October 30, 2008
McCain Campaign is the Little Dutch Boy
As some of you may know, there is a Presidential election campaign going on. We're upset at how little information there is out there for voters to weed through, in particular the lack of poll numbers and stories about polls. So here's our effort to fill that gap at this late stage of the season. This information is unique, in the sense that it is probably only one of 10,000 places where you can find it.
This analysis assumes that poll averages are not altogether misleading. It assumes that a state with a 10-point spread with five days to go and where neither candidate is spending a lot of time, money or love is probably not going to go the opposite direction on November 4.
Starting with these assumptions, Senator Obama is leading 238-123 in the race to 270.
This is what Senator McCain has to do to win. He has to do ALL of these.
1. Hold onto three states (South Dakota, Mississippi and his home state of Arizona) where he still leads but is slipping. Arizona in particular is very telling.
2. Hold onto four states (Indiana, Georgia, North Dakota and Montana) where he leads by less than 3 points. Again, the movement in Obama's direction in GA and MT in the last couple of weeks has been noteworthy.
3. Win three important states (Florida, Missouri, North Carolina) where Obama leads by less than 3 points. These are true toss-up states, according to the polls. McCain needs all of them to break his way.
4. Win Ohio. This was supposed to be a tough go for Obama. In spite of Joe the Wanna-Be-Plumber (he seems very vice-presidential, don't you think?), Obama has quietly been building a small but steady lead here, now at about 6%.
5. Win Pennsylvania. There was a poll today that showed Obama up by 4%. Almost all of the others in the last few days have been double digits, and the average is around 10%. Pehaps this is competitive and only the campaigns know this and have decided to keep this from us so as not to ruin the end of the movie. More likely the McCain campaign knew that it had to propagandize the winnability of Pennsylvania in order to avoid having the fight called a week early, and the Obama campaign's active response is just the latest example of their discipline, follow-through, beaucoup cash and learning from prior mistakes such as New Hampshire.
6. Yes, there's more. Even with all of these, with OH and PA and FL and MO and NC, McCain still needs to beat Obama in either Nevada or Colorado or New Mexico, all states where Obama has 6.5 to 8 point leads. Colorado and New Mexico have been steady for some time and Nevada is another place where Obama's lead is steadily growing.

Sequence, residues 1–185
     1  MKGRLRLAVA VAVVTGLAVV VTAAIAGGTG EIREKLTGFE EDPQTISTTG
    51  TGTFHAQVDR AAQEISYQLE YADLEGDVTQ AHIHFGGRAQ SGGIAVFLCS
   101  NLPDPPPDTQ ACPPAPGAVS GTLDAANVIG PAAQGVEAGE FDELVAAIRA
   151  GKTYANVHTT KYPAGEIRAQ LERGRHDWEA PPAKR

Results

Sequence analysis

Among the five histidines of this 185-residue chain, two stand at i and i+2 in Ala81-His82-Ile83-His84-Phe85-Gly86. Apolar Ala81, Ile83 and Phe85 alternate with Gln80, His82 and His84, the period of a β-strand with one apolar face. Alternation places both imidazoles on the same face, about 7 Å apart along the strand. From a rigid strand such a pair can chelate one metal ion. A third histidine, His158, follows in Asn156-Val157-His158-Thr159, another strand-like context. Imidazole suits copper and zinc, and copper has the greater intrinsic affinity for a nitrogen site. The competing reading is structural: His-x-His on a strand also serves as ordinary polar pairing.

That's 13 states out of 16 in play that McCain has to win. This in spite of being outspent 3-1, out-volunteered by more than that, out-loved by the media (except Fox, of course), and in spite of record-busting early voter turnout that seems to be heavily in Obama's favor.
Here's what Obama has to do. He only needs to do ONE of these.
1. Win Florida, where he leads by 2 to 3 points, and any one of 12 other states in contention.
2. Win any two of these three: PA (10% lead), VA (7% lead), OH (6% lead).
3. Win Colorado and 1.) either OH or PA with 2.) either New Mexico or Nevada.
4. Win Virginia, Colorado, New Mexico and Nevada.
Here are some ways to contextualize this:
- Obama can actually lose FL, OH and PA and still win.
- At most, he needs to win 4 of 16 states still in play.
- He doesn't need to win any states in which he currently leads by less than 6.5 points.
- He doesn't need to win any states in which he has less than 50% of the vote. In other words, McCain has to win every single undecided voter in some states - an absurd notion, of course - and still have to convince a significant number of Obama voters (who haven't voted already) that they should change their minds.
There are simply too many holes in the dyke to plug. So, really, the only chance McCain has is if the polls are HUGELY wrong. Which is what we will likely be hearing through the weekend, as there is no other argument to make. And because everyone in the game other than the Obama campaign has an interest in keeping the storyline going full-bore through Tuesday night and, hopefully, beyond.
(We'll talk about a tie later, just for fun).
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